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I´m trying to figure out how to practically use RADIUS to authenticate users.

So far, I have only found documentation explaining that the idea is that users somehow magically need to authenticate against a RADIUS server via a device like a switch or a wireless access point before they are given or being denied access to a network. I understand that I have to refer to the documentation of the switch or access point to figure out how to set up RADIUS authentication with the particular device.

But how is this achieved in practice? Let´s say I have a couple laptops and a couple phones and a couple computers which connect either to a switch or to a wireless access point. Both the switch and the access point support RADIUS, and I would set them up to talk to the RADIUS server and require every device that wants to connect to the network through them to authenticate first. I also have a couple thin clients and a couple computers which use PXE-boot, and the users of those would have to provide authentication before the machines could even boot.

Then what? How do I make it so that the users are actually able to authenticate?

Is there any documentation about this? Or am I not supposed to use RADIUS but something else?

5 thoughts on - RADIUS

  • Hi,

    Radius is a AAA protocol (Authorization, Aurhentication and Accounting) you can use rhe three methods or only one of them.

    Authentication can be done by usong a Freeradius Server, aitvorization will give a userr profile with certain privileges for example In a network connection, and accounting (user connection details) can be registered In a MySQL database if needed.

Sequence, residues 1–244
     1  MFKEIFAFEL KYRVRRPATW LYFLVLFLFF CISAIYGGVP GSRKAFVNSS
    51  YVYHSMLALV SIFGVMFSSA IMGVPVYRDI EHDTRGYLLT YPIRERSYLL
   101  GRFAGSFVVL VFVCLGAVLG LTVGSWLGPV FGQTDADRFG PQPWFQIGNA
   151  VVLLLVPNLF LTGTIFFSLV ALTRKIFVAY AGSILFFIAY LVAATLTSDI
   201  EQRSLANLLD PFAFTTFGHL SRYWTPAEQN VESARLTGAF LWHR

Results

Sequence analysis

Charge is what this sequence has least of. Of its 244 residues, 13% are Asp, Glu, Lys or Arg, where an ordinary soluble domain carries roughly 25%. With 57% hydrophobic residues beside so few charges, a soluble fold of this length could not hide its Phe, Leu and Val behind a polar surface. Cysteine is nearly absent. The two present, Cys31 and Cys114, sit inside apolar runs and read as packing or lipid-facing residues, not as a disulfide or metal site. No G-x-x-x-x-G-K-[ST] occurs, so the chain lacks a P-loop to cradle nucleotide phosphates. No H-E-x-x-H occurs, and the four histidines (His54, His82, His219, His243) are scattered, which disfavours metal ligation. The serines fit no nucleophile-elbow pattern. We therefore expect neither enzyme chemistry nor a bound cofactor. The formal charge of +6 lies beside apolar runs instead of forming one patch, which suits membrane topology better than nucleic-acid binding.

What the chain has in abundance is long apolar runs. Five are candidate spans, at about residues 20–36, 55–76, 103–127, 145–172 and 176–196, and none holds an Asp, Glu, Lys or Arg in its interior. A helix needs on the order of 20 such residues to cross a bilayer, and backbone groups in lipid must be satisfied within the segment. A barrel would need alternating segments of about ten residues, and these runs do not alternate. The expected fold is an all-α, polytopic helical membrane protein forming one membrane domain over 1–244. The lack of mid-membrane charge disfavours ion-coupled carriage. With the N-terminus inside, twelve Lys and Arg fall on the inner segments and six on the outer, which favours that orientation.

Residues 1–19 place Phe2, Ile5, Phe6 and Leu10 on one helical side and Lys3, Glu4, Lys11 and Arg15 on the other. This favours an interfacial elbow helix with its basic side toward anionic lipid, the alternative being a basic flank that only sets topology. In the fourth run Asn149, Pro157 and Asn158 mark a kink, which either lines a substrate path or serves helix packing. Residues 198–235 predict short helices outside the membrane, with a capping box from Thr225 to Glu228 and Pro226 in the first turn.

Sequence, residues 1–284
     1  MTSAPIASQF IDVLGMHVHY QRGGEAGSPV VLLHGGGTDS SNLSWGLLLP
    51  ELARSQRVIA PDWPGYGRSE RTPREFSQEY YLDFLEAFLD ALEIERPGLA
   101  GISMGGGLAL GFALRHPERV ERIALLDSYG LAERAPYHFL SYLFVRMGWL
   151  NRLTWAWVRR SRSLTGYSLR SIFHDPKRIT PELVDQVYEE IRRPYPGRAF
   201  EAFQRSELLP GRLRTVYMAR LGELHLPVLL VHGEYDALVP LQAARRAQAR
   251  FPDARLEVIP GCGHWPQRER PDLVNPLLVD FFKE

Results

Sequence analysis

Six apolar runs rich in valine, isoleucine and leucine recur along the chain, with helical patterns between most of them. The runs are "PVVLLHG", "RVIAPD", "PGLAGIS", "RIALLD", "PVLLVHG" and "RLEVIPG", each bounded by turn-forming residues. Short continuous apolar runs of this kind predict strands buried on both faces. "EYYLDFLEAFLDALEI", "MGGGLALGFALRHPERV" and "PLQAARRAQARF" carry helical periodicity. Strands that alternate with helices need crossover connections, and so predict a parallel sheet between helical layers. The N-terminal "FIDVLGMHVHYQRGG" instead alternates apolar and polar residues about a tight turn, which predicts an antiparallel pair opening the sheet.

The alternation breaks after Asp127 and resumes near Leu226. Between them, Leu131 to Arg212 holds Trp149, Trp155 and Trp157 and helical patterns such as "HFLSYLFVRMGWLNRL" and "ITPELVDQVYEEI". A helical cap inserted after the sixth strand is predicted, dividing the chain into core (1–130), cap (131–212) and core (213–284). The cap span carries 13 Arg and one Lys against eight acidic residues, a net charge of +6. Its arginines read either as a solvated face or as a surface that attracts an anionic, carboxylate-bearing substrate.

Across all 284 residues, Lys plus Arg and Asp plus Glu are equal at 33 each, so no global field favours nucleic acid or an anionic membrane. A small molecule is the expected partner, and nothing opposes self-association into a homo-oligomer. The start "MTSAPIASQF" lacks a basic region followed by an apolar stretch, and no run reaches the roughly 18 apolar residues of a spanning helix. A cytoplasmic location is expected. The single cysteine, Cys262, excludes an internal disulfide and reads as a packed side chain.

Check for guodes con how to install and use Freeradiua on CentOS.


    El miércoles, 14 de febrero de 2018, hw escribió:

    *Javier Romero*

    *E-mail: xavinux@gmail.com *

    *Skype: xavinux*

  • Look for documentation on 802.11x authentication for the specific client you want to authenticate.

    WiFi is pretty straightforward.  You’re probably accustomed to authenticating with WPA2 Personal.  With RADIUS, you’ll use WPA2
    Enterprise.  Users will be asked for their RADIUS credentials when you select that  option.

    Ethernet is fairly similar to WPA2 Enterprise for WiFi.  Under GNOME, for instance, you can open the Network configuration tool, click on the configuration gear for the wired connection, and then select the Security tab.  Tun on 802.1x Security, and then you’ll have the option to select an authentication type that matches your switch and RADIUS
    configuration.  This will vary from client platform to client platform, but it’s basically the same as WiFi authentication:


  • Gordon Messmer wrote:

    Thanks, I figured it is what I might need to look into. How about a client that uses PXE boot?

    That seems neither useful, nor feasible for customers wanting to use the wireless network we would set up for them with their cell phones. Are cell phones even capable of this kind of authentication?

    I´m not using gnome; I recently tried it, and it´s totally bloated, yet doesn´t even have a usable window manager.

    Anyway, there are some clients that can probably authenticate, which leaves the ones that use PXE boot. I tried things out with a switch, and it would basically work. If it makes sense to go any further with this and how now needs to be determined …

  • Yes, entirely capable. WPA2-Enterprise isn’t some freakish and unusual solution.


    I configure wireless once on my device (phone/tablet/laptop) and then can travel to institutions all round the world and use their networks seamlessly. How useless and infeasible indeed.

    A client that can’t authenticate gets the network it’s provided with by being unauthenticated. If an unauthenticated client can’t have any network access, that’s what they get. Presumably you could drop an unauthenticated machine into a different VLAN.